Gingrich Deploys 'Conservative Dream Team' in CPAC Courtship

Former House Speaker Newt Gingrich was a late entry into the CPAC speaking schedule, but his address a few hours after Mitt Romney’s repeatedly brought the crowd to its feet with a string of audience-pleasing agenda points.


Gingrich met with a number of supporters, mainly college Republicans, in a closed-door rally shortly before the address.

His campaign staff had promised the release of a “creative” document to accompany his speech: the handout to CPAC attendees was a chart comparing his stances on personal Social Security accounts, a flat tax, a low corporate tax rate, the elimination of the capital gains tax, and dollar reforms with those of his competitors. Under “more of the same” were mugshots of Romney, Rick Santorum, and President Obama.

The Friday release that carried over more into his address, though, was the unveiling of his “Conservative Dream Team” — dramatically pictured on the screen behind Gingrich as he spoke. Texas Gov. Rick Perry, Herman Cain, Fred Thompson, Michael Reagan, J.C. Watts, Chuck Norris, Oliver North, and more.

Newt reminded the crowd of this support to a hearty helping of applause.

He said that the fight of the Tea Party against establishment Republicans echoed the days of Barry Goldwater. “In many ways, this has been going on for a half century,” he said. And the first part of his speech, focused on what America can do when unleashed to fulfill its full potential, sounded much like a history professor.

“This campaign is a marginal threat” to the establishment, he said, “because we intend to change Washington, not accommodate it.”


He asked the crowd to raise their hands if they’d ever gone online to check a package’s progress with UPS or FedEx.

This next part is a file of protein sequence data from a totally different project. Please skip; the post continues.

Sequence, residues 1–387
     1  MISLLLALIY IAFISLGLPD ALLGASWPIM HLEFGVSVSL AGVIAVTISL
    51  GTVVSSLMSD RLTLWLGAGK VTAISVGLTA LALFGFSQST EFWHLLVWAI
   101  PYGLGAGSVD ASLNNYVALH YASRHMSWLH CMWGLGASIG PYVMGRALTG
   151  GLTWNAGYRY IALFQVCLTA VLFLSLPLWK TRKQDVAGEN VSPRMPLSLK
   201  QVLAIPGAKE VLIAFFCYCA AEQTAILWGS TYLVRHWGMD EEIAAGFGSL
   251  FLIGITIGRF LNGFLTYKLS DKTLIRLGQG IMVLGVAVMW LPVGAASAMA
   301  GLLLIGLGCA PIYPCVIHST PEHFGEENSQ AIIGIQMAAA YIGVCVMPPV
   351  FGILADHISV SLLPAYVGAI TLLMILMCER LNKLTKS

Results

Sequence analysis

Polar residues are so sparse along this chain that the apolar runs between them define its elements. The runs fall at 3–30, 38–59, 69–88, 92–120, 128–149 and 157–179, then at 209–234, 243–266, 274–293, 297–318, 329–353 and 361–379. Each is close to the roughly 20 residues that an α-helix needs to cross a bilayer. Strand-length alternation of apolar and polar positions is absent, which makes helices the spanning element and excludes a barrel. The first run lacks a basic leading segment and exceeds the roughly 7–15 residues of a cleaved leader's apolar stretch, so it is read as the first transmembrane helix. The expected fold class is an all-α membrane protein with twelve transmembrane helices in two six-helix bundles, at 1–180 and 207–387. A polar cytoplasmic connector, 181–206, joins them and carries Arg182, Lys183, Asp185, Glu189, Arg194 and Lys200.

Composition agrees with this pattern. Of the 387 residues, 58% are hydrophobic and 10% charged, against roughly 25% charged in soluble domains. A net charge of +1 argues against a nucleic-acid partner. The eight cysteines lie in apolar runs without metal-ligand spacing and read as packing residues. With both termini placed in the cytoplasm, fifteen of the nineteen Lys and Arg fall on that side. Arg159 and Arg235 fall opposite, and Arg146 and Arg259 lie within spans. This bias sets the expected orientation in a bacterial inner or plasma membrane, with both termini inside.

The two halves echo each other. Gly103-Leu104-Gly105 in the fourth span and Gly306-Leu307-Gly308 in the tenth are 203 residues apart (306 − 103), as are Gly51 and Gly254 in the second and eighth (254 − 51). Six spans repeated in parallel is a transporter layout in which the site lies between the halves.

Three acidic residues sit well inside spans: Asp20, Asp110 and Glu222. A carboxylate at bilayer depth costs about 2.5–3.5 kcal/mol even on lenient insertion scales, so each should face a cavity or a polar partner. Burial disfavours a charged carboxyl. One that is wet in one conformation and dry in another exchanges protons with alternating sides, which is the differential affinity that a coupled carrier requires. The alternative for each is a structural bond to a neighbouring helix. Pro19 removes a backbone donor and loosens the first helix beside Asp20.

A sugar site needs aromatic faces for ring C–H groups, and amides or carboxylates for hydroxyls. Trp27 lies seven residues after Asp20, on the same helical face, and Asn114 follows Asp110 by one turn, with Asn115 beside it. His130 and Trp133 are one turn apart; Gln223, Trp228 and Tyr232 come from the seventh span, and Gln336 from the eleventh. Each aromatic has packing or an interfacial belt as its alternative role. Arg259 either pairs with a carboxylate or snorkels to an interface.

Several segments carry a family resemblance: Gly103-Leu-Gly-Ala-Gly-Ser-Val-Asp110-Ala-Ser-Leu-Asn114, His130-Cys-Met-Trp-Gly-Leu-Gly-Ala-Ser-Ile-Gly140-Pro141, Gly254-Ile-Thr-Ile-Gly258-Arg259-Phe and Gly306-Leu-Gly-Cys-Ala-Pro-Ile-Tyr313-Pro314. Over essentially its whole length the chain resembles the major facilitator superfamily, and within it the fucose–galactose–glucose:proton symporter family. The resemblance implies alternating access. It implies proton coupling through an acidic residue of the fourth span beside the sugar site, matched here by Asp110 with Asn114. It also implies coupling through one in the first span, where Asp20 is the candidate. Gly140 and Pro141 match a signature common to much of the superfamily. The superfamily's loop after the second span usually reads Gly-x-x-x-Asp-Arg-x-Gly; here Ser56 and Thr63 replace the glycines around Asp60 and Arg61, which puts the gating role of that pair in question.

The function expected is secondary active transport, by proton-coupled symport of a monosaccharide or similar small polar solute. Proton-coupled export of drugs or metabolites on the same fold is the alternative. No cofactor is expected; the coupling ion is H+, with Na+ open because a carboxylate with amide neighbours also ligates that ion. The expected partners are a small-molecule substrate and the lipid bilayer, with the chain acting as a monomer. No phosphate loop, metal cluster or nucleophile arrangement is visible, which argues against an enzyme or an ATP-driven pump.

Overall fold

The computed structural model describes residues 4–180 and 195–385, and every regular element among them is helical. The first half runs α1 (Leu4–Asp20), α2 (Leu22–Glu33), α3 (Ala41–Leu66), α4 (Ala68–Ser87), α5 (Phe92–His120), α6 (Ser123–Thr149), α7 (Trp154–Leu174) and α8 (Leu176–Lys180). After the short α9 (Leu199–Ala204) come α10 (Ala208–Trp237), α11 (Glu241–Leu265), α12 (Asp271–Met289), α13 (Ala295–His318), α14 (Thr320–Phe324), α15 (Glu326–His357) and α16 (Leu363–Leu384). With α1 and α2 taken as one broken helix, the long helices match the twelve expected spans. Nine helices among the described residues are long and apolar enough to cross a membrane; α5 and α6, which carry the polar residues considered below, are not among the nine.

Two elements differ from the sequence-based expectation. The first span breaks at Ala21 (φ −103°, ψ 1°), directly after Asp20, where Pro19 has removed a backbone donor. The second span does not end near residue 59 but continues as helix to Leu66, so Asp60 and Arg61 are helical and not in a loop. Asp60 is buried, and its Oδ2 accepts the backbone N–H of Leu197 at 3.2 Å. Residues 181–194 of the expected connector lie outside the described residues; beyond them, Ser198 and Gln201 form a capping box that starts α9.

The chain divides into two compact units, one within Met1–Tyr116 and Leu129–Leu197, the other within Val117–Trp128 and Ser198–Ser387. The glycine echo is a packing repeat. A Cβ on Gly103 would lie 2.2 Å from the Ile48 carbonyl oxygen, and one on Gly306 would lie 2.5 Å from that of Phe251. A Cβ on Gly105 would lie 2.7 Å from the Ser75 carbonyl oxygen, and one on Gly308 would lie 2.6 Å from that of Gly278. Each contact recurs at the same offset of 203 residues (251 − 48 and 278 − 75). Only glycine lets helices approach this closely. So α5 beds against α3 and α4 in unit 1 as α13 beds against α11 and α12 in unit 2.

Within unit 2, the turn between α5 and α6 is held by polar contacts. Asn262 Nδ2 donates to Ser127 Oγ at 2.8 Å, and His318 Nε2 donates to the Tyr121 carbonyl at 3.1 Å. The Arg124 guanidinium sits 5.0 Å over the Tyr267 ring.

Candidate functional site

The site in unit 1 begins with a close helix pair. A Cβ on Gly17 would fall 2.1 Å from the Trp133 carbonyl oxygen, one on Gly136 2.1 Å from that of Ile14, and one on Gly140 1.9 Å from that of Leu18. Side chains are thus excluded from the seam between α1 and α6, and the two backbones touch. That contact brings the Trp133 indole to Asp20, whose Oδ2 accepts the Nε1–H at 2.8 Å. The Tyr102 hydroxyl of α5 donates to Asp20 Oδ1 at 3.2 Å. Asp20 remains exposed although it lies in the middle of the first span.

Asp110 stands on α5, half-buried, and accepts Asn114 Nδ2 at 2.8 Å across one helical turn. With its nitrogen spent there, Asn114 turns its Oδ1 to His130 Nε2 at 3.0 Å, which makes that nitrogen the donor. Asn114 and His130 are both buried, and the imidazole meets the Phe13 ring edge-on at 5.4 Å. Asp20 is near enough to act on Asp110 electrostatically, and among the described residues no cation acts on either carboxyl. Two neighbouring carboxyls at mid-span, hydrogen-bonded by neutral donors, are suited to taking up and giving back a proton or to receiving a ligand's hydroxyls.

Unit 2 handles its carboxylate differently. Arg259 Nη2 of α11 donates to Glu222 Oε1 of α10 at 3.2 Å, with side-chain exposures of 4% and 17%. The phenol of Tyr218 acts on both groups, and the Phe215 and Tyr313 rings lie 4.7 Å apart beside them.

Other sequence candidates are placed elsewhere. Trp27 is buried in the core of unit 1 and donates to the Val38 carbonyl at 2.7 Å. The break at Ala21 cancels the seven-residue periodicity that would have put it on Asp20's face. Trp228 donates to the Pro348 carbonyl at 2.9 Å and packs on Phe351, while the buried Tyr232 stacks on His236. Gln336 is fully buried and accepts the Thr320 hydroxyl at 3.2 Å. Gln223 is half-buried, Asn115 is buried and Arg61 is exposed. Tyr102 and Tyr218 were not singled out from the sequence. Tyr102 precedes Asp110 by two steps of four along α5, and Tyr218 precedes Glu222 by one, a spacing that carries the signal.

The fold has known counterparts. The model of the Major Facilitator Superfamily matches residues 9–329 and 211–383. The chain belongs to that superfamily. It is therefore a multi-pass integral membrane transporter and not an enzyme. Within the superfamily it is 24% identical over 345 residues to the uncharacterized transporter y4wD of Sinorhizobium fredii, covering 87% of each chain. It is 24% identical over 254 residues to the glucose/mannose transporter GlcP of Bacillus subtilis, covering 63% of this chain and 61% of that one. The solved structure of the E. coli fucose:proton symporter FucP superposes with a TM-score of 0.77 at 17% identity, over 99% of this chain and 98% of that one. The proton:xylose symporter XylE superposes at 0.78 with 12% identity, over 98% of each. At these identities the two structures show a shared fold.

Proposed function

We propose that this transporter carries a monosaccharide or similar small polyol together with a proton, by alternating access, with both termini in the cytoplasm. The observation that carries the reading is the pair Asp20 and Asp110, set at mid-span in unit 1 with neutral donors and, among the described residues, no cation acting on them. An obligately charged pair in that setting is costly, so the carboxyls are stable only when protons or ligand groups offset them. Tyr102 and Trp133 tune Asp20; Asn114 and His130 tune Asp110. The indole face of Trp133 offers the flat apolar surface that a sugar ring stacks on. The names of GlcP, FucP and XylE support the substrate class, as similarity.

“This is not a theory,” he said. “It is a practical reality that we have the technology that enables us… to track 24 million packages a day.”

“The federal government today cannot find 11 million illegal immigrants,” Gingrich said.

Soon after, both Newt and FedEx were trending on Twitter.

He plowed into his vows of what he would do on Jan. 20, 2013, if elected and sworn into the Oval Office.

First on the docket: repeal ObamaCare. After that, repeal Dodd-Frank. Then Sarbanes-Oxley. And say goodbye to all White House czars.

And the Keystone pipeline? Back on, if it’s not too late with our northern neighbors.

“My message to Prime Minister Harper and the Canadian government is simple: You do not need a partnership with the Chinese,” he said. “Give the American people a few months.”

Gingrich also vowed to move the U.S. embassy to Jerusalem and reinstate the Mexico City Policy, and repeal “every act of religious bigotry by the Obama administration.” He also promised to abolish the death tax, do a complete audit of the Federal Reserve, and demand that Fed Chairman Ben Bernanke be removed if he already hasn’t resigned with the looming specter of Newt.


An audible chant of “Newt” arose at one point from the repeat rounds of applause, the first name chant heard in the candidates’ addresses.

Another big applause line? “We want to ensure no future president ever again bows to a Saudi king.”

The big difference in his administration, Gingrich said, would be “a paycheck president vs. a food-stamp president.”

“This is not about fairness,” he said. “…This is about maximizing economic growth.”

“I believe our goal should be to get your taxes down to 15 percent,” he added.

Gingrich appealed to those beyond the conservative base to come join his effort, which he admitted wasn’t as well-heeled as his competitors. “We don’t care who you once were, we don’t care what you once did, we need every American who wants to defend America to come together for this campaign,” he said.


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